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Oak Hickory Forest
Scientific Name: Oak Hickory Forest; State Rank: S1
This is a new community type in Maine, differentiated from White Oak - Red Oak Forests. Photos and maps will come soon!
- Community Description
- Soil and Site Characteristics
- Similar Types
- Conservation, Wildlife and Management Considerations
- Characteristic Plants
- Associated Rare Plants
- Associated Rare Animals
- Examples on Conservation Lands You Can Visit
Community Description: This dry forest type, characteristic of the Central Appalachian Mountains, occurs in small patches or as inclusions within broader expanses of oak-pine forest. It is dominated by a mixture of shag-bark hickory and oaks (white, black, red, or chestnut) over park-like sedge lawn. Sugar maple, white pine, or white ash may be canopy associates, and hop-hornbeam is a characteristic sub-canopy species. Additional species in the subcanopy or tall-shrub layer may include witch hazel, shadbushes, striped maple, and maple-leaved viburnum. Low shrubs can include blueberries, and the herb layer is primarily a lawn of woodland sedge with some other grass and sedge species. Moderately enriched sites may support tick-trefoils, hepatica, and the rare bottlebrush grass. Back to top.
Soil and Site Characteristics: Sites occur on low-elevation, south- or west-facing sideslopes with well-drained loams or sandy loams. Known sites are within 10 miles of the coast. Back to top.
Diagnostics: Moderately open to closed canopy forests are dominated by a mixture of shagbark hickory (at least 30% cover) and oak species. Back to top.
Similar Types: White Oak - Red Oak Forests and Oak - Pine Forests lack shagbark hickory. Back to top.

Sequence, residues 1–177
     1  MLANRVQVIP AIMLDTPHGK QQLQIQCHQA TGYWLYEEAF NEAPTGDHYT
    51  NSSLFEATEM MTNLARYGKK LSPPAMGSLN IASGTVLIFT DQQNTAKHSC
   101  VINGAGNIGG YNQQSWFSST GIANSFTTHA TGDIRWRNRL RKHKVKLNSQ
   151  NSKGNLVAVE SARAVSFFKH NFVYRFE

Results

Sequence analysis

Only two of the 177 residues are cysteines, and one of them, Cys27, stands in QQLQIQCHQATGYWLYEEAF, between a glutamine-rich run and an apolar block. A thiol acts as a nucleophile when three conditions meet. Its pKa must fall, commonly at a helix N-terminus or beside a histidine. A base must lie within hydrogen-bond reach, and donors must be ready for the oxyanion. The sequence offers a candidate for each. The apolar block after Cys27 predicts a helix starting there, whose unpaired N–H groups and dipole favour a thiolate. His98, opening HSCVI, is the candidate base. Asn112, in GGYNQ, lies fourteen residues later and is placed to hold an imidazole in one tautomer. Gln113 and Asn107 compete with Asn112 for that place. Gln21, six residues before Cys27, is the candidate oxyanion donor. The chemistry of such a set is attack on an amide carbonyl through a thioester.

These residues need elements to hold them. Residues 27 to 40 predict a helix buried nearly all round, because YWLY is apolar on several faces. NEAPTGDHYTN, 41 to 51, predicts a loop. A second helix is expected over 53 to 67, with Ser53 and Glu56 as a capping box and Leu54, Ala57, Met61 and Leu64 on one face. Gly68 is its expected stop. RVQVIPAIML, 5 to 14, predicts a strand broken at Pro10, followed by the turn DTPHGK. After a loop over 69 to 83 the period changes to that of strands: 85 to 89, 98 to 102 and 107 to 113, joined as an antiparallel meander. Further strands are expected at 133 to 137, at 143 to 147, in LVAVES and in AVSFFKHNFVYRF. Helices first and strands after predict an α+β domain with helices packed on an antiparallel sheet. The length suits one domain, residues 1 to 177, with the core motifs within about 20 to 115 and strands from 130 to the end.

Conservation, Wildlife and Management Considerations: The few mature sites known in Maine were probably cleared in the past. Sites are small and subject to further fragmentation from development. Community dynamics are not well known, but there are some indications that shagbark hickory and white oak are adapted to disturbance - likely fire - though there is no research on this topic in Maine. Most occurrences of this type are on private lands.
This type offers habitat for a variety of birds, including scarlet tanager and ovenbird. Mature occurrences of this community type offer excellent potential sites for cavity dwellers such as the southern flying squirrel. The rare red-winged sallow moth uses red oak as one of its host plants and may be found in this community. Back to top.
Distribution: Restricted to southern and coastal Maine, characteristic of the Eastern Broadleaf Forest Province. Extends south and west from Maine. Landscape Pattern: Small patch (in Maine), generally 20 acres or less. Back to top.
Characteristic Plants: These plants are frequently found in this community type. Those with an asterisk are often diagnostic of this community.
- Black oak
- Red oak*
- Shagbark hickory*
- Sugar maple
- White oak
- Low-bush blueberry
- Maple-leaved viburnum*
- Witch hazel*
- Canada mayflower
- Carex (Laxiflorae group)
- Panic grasses
- Whorled loosestrife*
- Wild oats
- Woodland sedge*
- Red-winged sallow
Examples on Conservation Lands You Can Visit
There are no documented examples on conservation lands that you can visit associated with this natural community.